The Stoney Creek Model Railroad Club has been planning this model train exhibit for one year and they can’t wait to share it with the community. The Calf Barn will be filled with modules that have been painstakingly built in scale and show locations near and far. A scavenger hunt through the exhibit adds to the fun. This wonderfully detailed exhibit, All Aboard! is a perfect family outing during the holiday season.

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Rochester Hills' Oakland University announces $150M campaign

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Rochester Hills-based Oakland University has announced a $150-million fundraising campaign, the largest in the school’s history. It has raised more than $50 million in the campaign's quiet phase over the past two years.

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Record turnout for Oakland County's "Small Business Saturday" promotion means cash and prizes

Holiday shopping turned lucrative for three area residents as they shared $7,500 in cash and prizes, just for making a purchase at an Oakland County brick-and-mortar business during the county’s “Small Business Saturday” promotion.

A record 1,992 shopping receipts totaling $145,000 were submitted by shoppers who wanted a chance to win $7,500 in cash and prizes. The total spent was a 47 percent increase from last year and the number of receipts increased 58 percent when the promotion lasted eight days instead of just one.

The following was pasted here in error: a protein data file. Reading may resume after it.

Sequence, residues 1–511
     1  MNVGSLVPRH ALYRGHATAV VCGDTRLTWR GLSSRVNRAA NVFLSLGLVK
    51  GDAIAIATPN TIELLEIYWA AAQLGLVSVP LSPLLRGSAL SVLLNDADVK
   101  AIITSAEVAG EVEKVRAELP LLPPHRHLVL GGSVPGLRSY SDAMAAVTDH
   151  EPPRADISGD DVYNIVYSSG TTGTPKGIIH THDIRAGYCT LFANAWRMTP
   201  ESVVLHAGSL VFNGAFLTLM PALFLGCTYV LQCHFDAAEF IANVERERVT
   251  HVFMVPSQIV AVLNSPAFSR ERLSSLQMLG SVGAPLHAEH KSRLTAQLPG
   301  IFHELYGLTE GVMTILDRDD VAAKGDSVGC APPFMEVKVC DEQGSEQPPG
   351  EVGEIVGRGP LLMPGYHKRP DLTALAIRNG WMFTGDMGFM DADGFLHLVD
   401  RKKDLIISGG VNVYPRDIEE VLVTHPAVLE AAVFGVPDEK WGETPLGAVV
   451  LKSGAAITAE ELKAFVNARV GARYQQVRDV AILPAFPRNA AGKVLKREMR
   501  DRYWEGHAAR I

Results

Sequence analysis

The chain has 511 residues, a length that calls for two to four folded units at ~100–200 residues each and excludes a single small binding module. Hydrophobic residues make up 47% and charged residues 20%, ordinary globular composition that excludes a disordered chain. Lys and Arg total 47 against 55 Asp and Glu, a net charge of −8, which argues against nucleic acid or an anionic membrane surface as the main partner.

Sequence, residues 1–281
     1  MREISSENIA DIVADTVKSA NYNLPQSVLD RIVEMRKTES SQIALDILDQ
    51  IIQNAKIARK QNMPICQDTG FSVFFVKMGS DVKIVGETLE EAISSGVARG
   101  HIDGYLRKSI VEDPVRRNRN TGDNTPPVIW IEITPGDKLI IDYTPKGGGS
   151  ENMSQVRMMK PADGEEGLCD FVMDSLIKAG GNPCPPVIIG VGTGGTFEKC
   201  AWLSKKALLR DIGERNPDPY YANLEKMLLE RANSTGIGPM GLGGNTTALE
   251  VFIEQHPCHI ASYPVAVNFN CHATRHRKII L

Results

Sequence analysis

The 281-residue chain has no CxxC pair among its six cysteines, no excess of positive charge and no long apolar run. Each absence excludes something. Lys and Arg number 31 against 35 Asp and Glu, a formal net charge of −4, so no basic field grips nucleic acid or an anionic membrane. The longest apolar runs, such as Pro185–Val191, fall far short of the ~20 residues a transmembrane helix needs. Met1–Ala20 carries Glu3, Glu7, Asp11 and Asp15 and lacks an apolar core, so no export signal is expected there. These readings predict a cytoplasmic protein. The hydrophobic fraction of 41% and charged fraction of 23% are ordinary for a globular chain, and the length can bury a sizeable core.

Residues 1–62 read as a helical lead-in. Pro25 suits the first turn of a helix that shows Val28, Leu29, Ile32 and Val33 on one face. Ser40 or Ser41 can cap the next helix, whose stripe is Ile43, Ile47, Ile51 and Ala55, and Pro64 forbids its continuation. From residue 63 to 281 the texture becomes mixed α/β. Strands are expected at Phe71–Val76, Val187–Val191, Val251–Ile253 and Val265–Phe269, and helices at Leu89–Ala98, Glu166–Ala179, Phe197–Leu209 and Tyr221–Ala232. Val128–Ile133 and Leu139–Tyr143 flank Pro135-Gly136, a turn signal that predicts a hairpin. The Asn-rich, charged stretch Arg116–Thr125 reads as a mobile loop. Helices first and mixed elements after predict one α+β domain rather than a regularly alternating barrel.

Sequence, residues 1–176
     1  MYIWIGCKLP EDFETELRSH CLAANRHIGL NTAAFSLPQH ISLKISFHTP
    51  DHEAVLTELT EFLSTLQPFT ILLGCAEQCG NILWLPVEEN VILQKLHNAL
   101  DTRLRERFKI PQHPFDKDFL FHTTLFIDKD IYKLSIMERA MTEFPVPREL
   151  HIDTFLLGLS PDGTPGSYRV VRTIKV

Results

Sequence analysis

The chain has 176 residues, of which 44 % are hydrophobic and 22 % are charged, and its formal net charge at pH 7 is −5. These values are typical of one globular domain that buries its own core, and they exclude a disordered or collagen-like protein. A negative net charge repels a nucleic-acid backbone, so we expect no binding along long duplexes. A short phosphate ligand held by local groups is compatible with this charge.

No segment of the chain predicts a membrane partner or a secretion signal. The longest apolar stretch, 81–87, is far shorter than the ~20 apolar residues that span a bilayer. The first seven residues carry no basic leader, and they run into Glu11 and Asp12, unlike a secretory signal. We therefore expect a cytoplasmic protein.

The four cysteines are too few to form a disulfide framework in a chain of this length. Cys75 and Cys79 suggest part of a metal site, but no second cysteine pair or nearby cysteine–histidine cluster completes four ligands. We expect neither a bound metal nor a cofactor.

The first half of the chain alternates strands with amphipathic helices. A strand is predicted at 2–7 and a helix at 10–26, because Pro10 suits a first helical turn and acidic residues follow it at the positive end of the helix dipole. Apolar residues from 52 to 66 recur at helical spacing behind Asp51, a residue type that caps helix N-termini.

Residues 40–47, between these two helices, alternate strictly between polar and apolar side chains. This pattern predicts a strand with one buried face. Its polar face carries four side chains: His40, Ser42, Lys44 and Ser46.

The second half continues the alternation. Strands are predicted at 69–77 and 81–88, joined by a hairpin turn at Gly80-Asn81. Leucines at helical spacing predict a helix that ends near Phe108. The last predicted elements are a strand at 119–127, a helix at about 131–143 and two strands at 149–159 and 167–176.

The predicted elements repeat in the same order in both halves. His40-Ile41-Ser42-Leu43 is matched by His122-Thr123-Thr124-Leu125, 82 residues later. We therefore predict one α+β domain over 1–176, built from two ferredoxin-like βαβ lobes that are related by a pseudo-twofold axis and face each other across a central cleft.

“This was our most successful ‘Small Business Saturday’ yet, with an unprecedented number of holiday shoppers supporting independent stores, restaurants and other businesses across Oakland County,” County Executive L. Brooks Patterson said. “The contest provided three lucky winners with some extra holiday cheer and local businesses that are the lifeblood of so many communities were the beneficiaries.”

Contest winners received their awards Wednesday from Deputy Oakland County Executive Dr. Timothy Meyer at 20 Front Street in Lake Orion. The randomly selected winners were:

  • Lauri Lombardi, first prize, $5,000, courtesy of North American Bancard. She made her purchase from Holy Cannoli in Rochester.
  • Carla Tousely, second prize, $2,000, courtesy of Bank of Ann Arbor. She made her purchase from Bad Brad’s Barbeque in Lake Orion.
  • Leslie Cruz, third prize, $500 airline travel voucher, courtesy of Flint Bishop International Airport. She shopped at Frent & Sons in Royal Oak.
The businesses who registered for promotion and the person who made the winning sale were also given cash awards. Pigeon in the Parlour in Holly was randomly selected as the winner from the 375 registered businesses and received $1,000, courtesy of CEED Lending. Cathy Schulte of Holy Cannoli won $500 for making the sale to the first prize customer.


Businesses in Lake Orion led the way with 240 submitted receipts from its customers. Green Hippo Gifts in Lake Orion led county retailers for the second year. with 63 submitted receipts. Other notable business districts entries included Berkley (225), Holly (187) and Milford (182). The promotion was sponsored by Oakland County’s Department of Economic Development & Community Affairs.